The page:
After visiting flea markets, estate auctions and garage sales, you may have a piece of furniture that needs just a bit of work before it adds that touch of distinction to your decor. The question is, How do you turn that flea-market find into a treasure?
We turned to artist Beth Halstead of Alternative Situations in Toronto for inspiration, and she came up with this textured finish, which is a mix between decorative painting and decoupage. It has a mellow glow that will make any piece look as if it were finished in another century, but it's simple enough that any do-it-yourselfer can achieve the same great results. And the best part is that you probably have most of the materials already – just get together some paint, tissue paper and glue and you're on your way.
Take a look at a larger image of the refinished chair.
• Plastic sheets or old shopping bags
• Masking tape
• Medium fine-grade sandpaper
• Cotton or polyester rags
• White craft glue
• 2-inch (5 cm) latex brush
• Tissue paper (in any color)
• Small paint roller
• 1 litre each latex eggshell paint in moss green and antique white
• Acrylic low-sheen varnish
1. Cover work area with plastic drop cloth or newspaper. Protect existing upholstery with masking tape and plastic or simply remove it if you are going to redo it for the finished piece. Remove any loose paint and debris from chair by lightly sanding entire chair frame. Clean chair with damp rag to pick up any dust residue left after sanding.
2. Mix 4 parts glue with 1 part water to make glue solution. Starting with small and inconspicuous area, apply solution with latex brush. Immediately begin putting crinkled tissue paper on glued area. Use brush to glue down any edges and folds that may be loose, then roll over with roller to remove air bubbles. Continue until entire chair frame is covered. Allow to dry overnight.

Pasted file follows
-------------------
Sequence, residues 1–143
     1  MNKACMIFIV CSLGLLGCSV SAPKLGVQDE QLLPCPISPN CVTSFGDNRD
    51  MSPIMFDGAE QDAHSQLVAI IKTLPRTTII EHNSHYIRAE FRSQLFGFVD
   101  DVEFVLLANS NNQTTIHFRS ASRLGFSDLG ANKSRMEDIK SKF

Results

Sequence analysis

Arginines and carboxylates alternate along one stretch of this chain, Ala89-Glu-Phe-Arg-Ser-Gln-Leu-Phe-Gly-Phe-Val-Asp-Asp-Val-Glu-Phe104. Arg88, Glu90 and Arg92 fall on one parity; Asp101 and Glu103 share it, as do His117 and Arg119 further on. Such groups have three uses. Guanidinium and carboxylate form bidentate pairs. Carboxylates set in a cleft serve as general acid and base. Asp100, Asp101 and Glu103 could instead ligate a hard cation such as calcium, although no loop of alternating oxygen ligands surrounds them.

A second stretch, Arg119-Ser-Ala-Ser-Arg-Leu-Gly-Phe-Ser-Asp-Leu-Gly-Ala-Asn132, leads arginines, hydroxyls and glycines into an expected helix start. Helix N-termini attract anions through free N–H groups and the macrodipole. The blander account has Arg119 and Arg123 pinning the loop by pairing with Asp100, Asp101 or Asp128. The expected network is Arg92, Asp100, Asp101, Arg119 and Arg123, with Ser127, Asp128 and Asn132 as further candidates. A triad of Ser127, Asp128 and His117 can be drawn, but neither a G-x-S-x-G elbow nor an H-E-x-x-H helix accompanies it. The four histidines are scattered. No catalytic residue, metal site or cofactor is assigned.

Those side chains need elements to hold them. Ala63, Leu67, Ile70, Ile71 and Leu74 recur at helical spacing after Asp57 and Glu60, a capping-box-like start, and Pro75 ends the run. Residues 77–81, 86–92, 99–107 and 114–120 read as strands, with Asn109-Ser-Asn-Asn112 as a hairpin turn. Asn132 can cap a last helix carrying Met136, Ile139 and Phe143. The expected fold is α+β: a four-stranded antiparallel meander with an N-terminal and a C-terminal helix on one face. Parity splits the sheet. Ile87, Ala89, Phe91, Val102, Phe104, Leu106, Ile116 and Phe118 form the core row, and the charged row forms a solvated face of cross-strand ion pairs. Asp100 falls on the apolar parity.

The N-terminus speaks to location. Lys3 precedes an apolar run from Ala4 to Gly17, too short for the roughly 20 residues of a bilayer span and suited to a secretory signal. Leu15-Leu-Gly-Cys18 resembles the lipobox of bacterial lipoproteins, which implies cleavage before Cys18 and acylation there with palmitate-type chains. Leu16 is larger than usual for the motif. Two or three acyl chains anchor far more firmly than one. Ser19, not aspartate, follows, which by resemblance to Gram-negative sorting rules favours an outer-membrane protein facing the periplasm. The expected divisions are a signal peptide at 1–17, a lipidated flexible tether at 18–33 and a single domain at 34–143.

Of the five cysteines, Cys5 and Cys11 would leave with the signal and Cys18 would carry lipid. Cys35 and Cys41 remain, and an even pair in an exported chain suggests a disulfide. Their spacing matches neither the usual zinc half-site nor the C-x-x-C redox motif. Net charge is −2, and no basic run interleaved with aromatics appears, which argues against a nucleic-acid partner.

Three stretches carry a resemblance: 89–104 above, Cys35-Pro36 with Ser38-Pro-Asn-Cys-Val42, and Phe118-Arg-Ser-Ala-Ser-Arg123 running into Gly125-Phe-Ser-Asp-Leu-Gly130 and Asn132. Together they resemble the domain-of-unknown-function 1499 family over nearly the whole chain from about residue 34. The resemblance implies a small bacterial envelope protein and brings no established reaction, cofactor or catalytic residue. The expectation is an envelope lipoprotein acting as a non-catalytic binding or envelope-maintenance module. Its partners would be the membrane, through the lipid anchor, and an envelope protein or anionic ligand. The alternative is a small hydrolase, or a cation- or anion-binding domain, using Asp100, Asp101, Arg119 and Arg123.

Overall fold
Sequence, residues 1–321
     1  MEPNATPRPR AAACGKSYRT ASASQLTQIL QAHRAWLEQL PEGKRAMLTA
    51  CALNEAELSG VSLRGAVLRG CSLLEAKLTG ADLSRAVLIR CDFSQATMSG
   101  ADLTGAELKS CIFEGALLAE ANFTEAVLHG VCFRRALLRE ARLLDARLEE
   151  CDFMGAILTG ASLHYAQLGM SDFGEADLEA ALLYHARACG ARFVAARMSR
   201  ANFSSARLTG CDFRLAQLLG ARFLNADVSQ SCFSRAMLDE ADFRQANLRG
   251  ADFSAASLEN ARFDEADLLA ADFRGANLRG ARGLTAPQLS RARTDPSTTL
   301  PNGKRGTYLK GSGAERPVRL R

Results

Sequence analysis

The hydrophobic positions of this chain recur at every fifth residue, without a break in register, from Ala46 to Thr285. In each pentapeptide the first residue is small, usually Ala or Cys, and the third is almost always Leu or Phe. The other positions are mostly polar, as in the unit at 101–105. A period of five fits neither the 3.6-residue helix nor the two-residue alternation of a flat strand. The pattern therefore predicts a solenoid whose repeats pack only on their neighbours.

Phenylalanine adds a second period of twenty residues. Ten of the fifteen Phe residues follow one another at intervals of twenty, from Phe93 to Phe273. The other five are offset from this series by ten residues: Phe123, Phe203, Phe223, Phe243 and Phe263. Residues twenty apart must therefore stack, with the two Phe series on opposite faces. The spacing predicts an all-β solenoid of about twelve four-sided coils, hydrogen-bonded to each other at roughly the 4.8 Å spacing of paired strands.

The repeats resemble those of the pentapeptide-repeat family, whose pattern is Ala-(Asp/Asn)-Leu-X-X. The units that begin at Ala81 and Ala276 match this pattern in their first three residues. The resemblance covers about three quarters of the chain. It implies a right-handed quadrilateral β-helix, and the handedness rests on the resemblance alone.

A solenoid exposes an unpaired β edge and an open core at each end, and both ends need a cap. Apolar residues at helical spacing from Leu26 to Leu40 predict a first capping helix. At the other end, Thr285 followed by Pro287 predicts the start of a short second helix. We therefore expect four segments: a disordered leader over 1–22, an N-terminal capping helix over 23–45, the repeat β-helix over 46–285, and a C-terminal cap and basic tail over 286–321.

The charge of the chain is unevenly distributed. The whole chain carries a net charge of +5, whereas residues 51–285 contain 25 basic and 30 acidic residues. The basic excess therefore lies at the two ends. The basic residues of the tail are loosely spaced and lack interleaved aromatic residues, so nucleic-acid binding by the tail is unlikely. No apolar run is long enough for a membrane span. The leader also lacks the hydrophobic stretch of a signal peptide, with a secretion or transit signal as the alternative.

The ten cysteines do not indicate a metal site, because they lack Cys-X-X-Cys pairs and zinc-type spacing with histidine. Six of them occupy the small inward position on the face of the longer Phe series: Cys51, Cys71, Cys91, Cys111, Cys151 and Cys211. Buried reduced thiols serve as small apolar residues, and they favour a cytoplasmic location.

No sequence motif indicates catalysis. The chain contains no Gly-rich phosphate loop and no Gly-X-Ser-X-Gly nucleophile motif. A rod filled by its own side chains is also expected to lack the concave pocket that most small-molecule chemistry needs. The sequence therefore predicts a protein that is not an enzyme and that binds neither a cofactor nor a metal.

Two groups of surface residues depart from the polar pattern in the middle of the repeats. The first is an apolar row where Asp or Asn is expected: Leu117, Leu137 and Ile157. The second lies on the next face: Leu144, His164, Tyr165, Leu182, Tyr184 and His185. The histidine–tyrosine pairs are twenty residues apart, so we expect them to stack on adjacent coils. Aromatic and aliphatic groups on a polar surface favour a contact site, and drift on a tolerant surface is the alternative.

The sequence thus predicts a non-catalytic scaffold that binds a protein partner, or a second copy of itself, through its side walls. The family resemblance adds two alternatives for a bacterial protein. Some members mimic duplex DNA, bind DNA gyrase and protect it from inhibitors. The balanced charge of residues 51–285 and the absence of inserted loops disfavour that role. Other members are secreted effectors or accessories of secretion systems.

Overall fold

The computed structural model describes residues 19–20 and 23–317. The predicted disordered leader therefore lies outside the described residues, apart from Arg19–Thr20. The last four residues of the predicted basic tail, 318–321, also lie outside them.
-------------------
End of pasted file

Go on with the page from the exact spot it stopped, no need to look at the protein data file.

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3. With clean brush, apply 2 coats of paint to entire chair. Make sure each coat is dry before moving on to the next step. Make an overglaze by mixing together 1 part acrylic varnish, 1 part antique white paint and 1 part water. With rag, rub glaze over entire chair using a circular motion, adding or removing glaze until desired look is achieved. To protect finish, evenly apply 1 coat of epoxy.
Recovering an old cushioned chair seat
To re-cover a removable cushioned seat, remove the old fabric, leaving padding intact. Cut new fabric by laying the seat, cushion side down, on the wrong side of the fabric. Draw the seat outline approximately 3 inches larger all the way around the seat; cut out.
Place fabric wrong side up. Centre seat on fabric, cushion side down. Pull fabric over back edge of cushion and staple centre of fabric to wooden back, at least 1/2 inch from fabric edge. At opposite end, pull fabric across cushion for a smooth fit, and staple on back as before. Repeat with remaining 2 sides. Make sure fabric is still centred. Alternating sides, and moving from the centre toward each corner, staple fabric at 1-inch intervals. Fold material neatly at each corner and staple in place.
For fabric, you can use a coordinating piece of material, as we did, or decorate artist's canvas with latex paint in a coordinating color to match the chair finish. Try painting stripes, checks or a diamond pattern, or stencil the canvas to match stenciled walls or printed wallpaper. Tip: Spray the fabric with fabric protector before upholstering your seats.
• The simpler the chair frame, the easier it Is to apply the finish.
• Always allow each coat to dry thoroughly before applying the next.
• Begin each project In the least noticeable area.
• We used green for our chair, but try Prussian blue, wine red or other colours. You can also coordinate paint and tissue paper; for example, a rust point base overlaid with peach tissue paper.
• Try the finish on picture frames, a chest, a small table or even a hat box.
• For a bright splash of colour, use tissue paper (printed or solid) In a variety of vibrant shades. Cover the piece you're redoing with a coat of white latex paint. Glue on tissue paper and then finish with two coats of acrylic varnish and one coat of epoxy. Other things you can use in this manner include leaves (as above), newspaper, Japanese rice paper, pieces of old wallpaper or soup-can labels.